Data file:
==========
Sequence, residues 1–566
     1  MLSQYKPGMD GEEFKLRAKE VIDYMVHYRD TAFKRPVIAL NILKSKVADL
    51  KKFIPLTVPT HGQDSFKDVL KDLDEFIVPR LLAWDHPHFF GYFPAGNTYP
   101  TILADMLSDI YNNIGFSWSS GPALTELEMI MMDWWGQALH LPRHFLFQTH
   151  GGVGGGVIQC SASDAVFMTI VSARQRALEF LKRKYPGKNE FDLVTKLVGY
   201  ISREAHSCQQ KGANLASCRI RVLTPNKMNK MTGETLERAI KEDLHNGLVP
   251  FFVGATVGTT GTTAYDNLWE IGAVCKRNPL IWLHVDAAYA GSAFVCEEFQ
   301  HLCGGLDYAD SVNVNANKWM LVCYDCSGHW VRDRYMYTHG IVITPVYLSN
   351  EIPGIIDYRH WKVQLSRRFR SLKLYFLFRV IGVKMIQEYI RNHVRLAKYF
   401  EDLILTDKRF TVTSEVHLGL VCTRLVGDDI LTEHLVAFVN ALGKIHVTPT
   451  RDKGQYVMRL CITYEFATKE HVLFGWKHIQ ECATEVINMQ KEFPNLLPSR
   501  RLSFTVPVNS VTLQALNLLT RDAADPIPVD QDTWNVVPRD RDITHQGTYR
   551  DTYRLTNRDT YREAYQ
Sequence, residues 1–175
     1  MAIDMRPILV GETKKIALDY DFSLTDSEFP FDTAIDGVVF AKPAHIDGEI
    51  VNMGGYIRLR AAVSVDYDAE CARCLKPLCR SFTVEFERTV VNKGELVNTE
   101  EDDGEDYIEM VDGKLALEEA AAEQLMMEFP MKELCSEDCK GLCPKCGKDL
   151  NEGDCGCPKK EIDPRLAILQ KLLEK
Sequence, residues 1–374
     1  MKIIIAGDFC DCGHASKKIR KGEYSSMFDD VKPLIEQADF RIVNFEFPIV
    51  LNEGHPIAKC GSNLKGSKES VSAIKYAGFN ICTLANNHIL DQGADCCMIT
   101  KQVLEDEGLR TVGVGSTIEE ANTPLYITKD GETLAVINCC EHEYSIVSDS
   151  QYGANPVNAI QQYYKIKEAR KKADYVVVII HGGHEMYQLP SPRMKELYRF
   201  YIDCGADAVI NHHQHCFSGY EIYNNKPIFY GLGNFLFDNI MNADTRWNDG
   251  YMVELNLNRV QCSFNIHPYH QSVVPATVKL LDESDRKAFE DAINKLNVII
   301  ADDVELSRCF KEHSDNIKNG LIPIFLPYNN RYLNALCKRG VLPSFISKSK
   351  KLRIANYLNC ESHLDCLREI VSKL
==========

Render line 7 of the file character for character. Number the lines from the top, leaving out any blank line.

   251  FFVGATVGTT GTTAYDNLWE IGAVCKRNPL IWLHVDAAYA GSAFVCEEFQ